Written and Read by Antony J Stowers and based on his book published by www.lulu.com
Additional vocals, music and sound effects added by Adam Sykes of IrisLight (irislight.bandcamp.com
Thanks to Robert And Marcus Sykes for Artwork.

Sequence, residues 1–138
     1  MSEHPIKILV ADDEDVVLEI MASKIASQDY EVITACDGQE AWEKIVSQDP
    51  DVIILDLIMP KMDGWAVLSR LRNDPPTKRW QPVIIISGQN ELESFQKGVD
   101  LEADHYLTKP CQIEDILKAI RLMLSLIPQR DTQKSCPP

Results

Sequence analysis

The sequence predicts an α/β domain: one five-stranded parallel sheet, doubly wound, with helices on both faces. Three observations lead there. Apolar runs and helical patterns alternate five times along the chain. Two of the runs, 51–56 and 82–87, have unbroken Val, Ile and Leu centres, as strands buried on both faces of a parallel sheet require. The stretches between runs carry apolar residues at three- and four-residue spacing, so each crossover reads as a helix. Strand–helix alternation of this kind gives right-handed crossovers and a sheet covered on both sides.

'Lewis & Number One' by Antony J Stowers and Adam Sykes is a children's book available as a spoken download audio CD and in printed book form. It tells the story of a young lad up in North East UK who goes on a fantastic adventure back in time, by the means of a time travel train to witness the opening of the Stockton and Darlington Railway in 1825 in order to beat his arch-enemy the school swot Johnathon Primm with a better mark in a history project. This is a brilliant story which takes the young reader on a funny, entertaining, colourful, imaginative, heart warming and fascinating journey into events that changed the world forever. Lewis is the central young character in the book and No1 is the name often given to Locomotion No1, the world famous steam engine built by George Stephenson. We visit historical sites as they appear today, examine ecology and climate change issues in the world, untangle theories of time travel and learn how Stephenson and Pease pushed engineering beyond all imagination, propelling themselves into world history books and rocketing Britain and the world into the Industrial Revolution in 1825. There isn't a country on the planet that doesn't have a railway and they all lead back here to the S&D. Lewis and a time-travelling futuristic family from 2525 travel back in time, by means of a Time Travel Booking Agency (how else?) along with an ambitious news reporter to ride along. This is a great vehicle for teaching young people about historical characters, engineering, the politics, economics and human endeavour. We don't feel we're being given a history lesson because the humour, humanity and colour of Tony's writing carries us along. I laughed at times and had a lump in my throat at others. As someone involved heavily in the last few years in S&D heritage I thoroughly recommend it as a entertaining read but also a great start for young minds to set them on their way to learning more. Stephenson wrote in his diary at the time of the opening 'What we do today shall change the world forever'. He was a visionary but how was he to know that ten year old Lewis Lovatt would inadvertently travel back from our modern world to meet him? Go buy it. 10 out of 10. - Jay Tee, award-winning film maker.